Grange Fell & Great Crag
TWO Wainwright circular walk: Grange Fell and Great Crag
Time: 2 - 3 hours
Parking: in the National Trust Car Park in Watendlath (£6.50 for 4 hours in 2021)
|King's How and Brund Fell from below Rosthwaite Fell|
Wainwright was clearly fond of Grange Fell. It is certainly not amongst the highest or most dramatic of fells but covers an interesting area of heathery slopes and varied summits, offering a range of views.
|Strava estimates a walking distance of 8 km|
1. Start by crossing the old stone bridge over the beck at the end of Watendlath Tarn. At the signpost soon after the bridge, it's a nicer walk if you head right, away from the tarn, and walk up through the grass, through a gate, and then make your way up the hillside on a path to the left of a stone wall.
4. To make your way to King's How, look for the path heading west, between the rocks and hummocks, in the direction of Castle Crag and Dale Head.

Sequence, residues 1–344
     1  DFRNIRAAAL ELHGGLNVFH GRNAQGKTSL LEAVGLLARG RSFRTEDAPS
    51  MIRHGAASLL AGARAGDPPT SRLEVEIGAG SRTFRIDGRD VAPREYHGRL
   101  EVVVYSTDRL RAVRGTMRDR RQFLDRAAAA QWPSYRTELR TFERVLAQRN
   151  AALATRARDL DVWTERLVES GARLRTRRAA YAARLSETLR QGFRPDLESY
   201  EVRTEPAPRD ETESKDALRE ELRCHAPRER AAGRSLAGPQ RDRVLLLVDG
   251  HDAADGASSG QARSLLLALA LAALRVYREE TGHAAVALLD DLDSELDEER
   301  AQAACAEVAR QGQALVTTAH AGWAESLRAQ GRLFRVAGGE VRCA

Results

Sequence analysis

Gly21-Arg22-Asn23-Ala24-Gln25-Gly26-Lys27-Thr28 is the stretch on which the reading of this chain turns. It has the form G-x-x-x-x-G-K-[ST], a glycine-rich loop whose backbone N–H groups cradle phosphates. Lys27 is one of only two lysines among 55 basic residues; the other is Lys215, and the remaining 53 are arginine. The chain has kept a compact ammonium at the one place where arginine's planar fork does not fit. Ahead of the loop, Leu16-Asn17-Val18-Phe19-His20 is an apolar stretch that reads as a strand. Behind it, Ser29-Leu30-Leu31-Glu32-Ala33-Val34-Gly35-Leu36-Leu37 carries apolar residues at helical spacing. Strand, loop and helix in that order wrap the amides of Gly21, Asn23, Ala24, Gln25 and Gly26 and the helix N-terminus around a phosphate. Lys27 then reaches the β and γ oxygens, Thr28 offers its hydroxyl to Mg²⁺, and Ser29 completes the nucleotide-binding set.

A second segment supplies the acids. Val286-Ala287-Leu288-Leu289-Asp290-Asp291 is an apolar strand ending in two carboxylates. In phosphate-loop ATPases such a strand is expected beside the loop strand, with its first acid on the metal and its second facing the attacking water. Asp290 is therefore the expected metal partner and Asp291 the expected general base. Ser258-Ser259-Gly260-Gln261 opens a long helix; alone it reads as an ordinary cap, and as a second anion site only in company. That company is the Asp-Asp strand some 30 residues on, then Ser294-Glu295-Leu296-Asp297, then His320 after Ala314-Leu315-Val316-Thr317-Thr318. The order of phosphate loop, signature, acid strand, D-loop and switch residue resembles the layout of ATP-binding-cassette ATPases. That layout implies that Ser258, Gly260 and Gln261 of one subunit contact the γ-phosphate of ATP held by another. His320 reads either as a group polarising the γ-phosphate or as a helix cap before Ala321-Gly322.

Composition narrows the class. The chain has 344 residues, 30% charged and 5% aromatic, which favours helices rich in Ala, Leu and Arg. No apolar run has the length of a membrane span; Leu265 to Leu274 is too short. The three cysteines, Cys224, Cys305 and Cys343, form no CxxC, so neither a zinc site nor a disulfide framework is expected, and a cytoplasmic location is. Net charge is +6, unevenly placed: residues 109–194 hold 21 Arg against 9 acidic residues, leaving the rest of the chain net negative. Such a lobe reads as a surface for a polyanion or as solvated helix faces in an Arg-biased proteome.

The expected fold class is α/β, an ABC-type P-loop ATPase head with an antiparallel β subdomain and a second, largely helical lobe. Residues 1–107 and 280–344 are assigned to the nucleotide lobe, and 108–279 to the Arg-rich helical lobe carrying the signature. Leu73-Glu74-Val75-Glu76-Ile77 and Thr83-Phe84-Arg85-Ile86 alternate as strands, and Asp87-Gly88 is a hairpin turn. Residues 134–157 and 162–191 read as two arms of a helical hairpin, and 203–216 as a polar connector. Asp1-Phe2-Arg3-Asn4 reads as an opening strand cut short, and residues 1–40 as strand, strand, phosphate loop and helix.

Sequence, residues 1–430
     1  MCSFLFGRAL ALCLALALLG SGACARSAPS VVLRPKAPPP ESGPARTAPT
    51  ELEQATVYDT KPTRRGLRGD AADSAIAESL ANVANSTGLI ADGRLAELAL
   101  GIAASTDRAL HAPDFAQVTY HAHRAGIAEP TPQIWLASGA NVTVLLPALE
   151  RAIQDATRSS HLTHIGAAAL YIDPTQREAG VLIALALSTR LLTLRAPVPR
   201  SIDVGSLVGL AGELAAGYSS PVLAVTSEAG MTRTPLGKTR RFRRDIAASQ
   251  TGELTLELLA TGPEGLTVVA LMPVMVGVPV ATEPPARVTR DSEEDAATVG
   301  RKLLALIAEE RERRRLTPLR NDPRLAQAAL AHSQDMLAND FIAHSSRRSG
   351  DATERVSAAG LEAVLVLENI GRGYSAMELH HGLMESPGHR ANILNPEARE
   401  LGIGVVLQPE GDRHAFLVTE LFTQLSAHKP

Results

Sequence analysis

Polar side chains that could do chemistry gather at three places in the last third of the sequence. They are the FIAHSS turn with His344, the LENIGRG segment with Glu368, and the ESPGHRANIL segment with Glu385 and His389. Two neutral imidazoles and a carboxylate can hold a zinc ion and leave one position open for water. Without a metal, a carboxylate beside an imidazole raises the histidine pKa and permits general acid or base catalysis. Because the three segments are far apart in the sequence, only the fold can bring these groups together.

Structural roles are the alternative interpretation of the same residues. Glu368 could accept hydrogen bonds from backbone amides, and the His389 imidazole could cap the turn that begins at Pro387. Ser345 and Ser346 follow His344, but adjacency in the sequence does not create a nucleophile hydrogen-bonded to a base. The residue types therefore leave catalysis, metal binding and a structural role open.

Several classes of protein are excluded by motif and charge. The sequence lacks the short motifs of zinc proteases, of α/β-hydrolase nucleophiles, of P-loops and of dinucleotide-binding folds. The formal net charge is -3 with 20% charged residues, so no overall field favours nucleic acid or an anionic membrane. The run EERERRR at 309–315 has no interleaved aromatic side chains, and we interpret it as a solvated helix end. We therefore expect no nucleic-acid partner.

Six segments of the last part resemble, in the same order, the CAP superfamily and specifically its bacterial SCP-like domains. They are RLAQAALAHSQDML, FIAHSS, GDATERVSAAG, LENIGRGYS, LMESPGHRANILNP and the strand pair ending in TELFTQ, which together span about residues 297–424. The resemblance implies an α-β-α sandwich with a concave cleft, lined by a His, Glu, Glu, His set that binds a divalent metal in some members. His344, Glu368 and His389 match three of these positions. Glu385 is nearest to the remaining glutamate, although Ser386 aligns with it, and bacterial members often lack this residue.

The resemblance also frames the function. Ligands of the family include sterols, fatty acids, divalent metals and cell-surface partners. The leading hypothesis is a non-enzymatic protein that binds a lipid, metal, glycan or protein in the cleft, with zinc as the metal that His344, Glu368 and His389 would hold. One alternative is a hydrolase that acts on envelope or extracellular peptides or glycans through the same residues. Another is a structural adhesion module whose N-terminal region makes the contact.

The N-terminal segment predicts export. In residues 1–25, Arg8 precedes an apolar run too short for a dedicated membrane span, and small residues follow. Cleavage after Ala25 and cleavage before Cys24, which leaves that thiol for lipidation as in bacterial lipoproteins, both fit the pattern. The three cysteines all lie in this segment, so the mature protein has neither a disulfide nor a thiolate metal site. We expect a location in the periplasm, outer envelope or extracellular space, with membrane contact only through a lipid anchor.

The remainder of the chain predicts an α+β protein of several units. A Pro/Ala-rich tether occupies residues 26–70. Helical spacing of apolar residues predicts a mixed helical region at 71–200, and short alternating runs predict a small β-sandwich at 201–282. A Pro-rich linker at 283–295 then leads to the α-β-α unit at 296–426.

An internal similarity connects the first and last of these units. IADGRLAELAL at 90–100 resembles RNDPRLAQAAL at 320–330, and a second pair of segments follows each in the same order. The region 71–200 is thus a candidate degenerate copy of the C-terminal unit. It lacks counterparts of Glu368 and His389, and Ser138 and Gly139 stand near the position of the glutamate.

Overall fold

|Head down to cross the track and continue onwards|
14. The path reaches a flat wet area where a sign asks walkers to follow a waymarked route to protect wildlife. Take this route, skirting around to the left of the wetland, rather than taking the direct route straight through the bog myrtle.
|Skirt around the area of wetland|
|Looking south to Eagle and Sergeant's Crags|
|Looking across to the northern top and Watendlath|
Worth knowing: Watendlath is a hamlet that sits in its own hidden valley, reached by a minor road that crosses one of Lakeland's most photogenic stone bridges, Ashness Bridge. So, whatever the weather, on the way back towards the main road at Derwent Water, do stop and take a photo!